The bank holiday weekend coincided with brilliant weather, the end of the Brighton Festival and the start of the Brighton Fringe – and a return to a programme of arts, culture and music events.
It also saw hundreds flock to our city to experience the best of what Brighton and Hove has to offer.
As people avoid travelling abroad this year, I know that more visitors will be coming to Brighton and Hove this summer, which is why we’ve put real effort and additional funding into safely welcoming their return.
Throughout the year, we’ve been working hard to prepare and to improve our city for our residents and businesses, too.
Our work means that there are now more bins on the seafront, additional rubbish collections and more toilet facilities.
We have a fast response contract in place to remove graffiti on the seafront and more money to remove other graffiti too.
This week, as we joined in the nationwide Great British Spring Clean campaign, the third deep clean in a year took place in high footfall areas of the city stretching from the North Laine to Hove and Portslade.
This week council teams removed 1.3 tonnes of rubbish from the A27 – the third time in a year – and began repainting seafront railings and shelters.
As masses of people flocked to our seafront, council teams have also been working hard to prevent littering, sending out a clear message that we need everyone to take responsibility for our environment.
While teams can’t be everywhere at once, we know that it’s vital we stop litter polluting the sea and green spaces.
After a challenging year I know many residents and local businesses have worked tirelessly to offer the warmest welcome to visitors.
With the opening of new venues and incredible efforts across our communities, I’m proud that the city has been rated a top tourist destination by companies ranging from Travelodge, Condé Nast and the Telegraph.
It’s clear our city remains a very popular destination with so much to offer. As we reopen the city safely, our efforts to keep the city clean are one part of how we can recover well from the devastating impact of the coronavirus pandemic.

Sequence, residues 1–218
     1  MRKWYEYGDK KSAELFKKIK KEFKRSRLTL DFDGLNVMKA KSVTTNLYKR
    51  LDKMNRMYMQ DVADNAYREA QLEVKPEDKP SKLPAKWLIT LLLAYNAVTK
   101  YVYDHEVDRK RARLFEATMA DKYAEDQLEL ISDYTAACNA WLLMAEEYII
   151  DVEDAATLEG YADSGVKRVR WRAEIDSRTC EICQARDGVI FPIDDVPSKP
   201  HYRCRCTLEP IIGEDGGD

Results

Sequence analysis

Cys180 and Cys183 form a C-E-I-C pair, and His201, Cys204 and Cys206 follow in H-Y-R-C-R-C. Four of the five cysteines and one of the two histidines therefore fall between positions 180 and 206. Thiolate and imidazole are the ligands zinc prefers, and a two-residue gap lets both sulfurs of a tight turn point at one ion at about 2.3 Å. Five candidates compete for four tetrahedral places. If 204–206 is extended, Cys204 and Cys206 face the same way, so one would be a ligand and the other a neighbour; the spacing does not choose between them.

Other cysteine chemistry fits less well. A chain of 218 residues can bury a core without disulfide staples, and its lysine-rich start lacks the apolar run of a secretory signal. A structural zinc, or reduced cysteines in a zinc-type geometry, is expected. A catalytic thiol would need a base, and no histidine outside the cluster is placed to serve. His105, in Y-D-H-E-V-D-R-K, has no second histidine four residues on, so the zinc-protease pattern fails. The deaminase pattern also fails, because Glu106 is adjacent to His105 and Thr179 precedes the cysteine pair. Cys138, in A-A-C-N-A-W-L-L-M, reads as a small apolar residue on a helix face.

Vaccination is a key way we can continue on the path to a positive recovery from the pandemic – as, with the presence of highly transmissible variants, we are simply still not there yet.
Challenges are still to come and our public health team continues to prepare and scrutinise the data in our city.
This week I was out with council teams knocking on doors in Brunswick raising awareness of the community vaccination unit in the area.
This is part of the work to make vaccination accessible to more people – so, as in previous weeks, across this month there will be more mobile vaccination sites that can also take “drop ins” for people who are yet to make a booking.
There is much more of this to do but I am glad to see so many continue to take up the offer of their first or second dose.
It is a testament to the dedication of so many in our city that we are pulling together to build a positive future out of the pandemic – and it’s vital that everyone in our city is supported.
This week, I also want to raise the issues facing our European Union residents as the government’s “settlement scheme” ends on Wednesday 30 June and crucially secures the right to continue living in the UK.
After this date, even those who have permanent residence status will need to have applied to maintain their rights – and confirmation of “settled status” will be needed to prove everything from your right to use the NHS or rent a home.
We’ve been really clear that we want our EU friends and family to stay – but with the government failing to adequately promote the settlement scheme and confusion over the rights of EU citizens, we will continue to encourage those living here to apply.
Worse still, we’ve already seen the signs that the government has once again failed to consider the impact their botched approach to leaving the European Union is having on communities and the economy.
Disturbing news about EU citizens being detained at the border or threats of deportation mean the necessity of applying to secure your rights is real.
We’ve put support in place to help – including for those who don’t have access to a computer or smartphone and may be struggling to apply.
Our EU residents and our connection to Europe and the world are another integral part of what makes Brighton and Hove such a special place to live, work and visit. I will never fail to champion our city or those who call it home.
For more information about the settlement scheme, click here.
Councillor Phélim Mac Cafferty is the Green leader of Brighton and Hove City Council.
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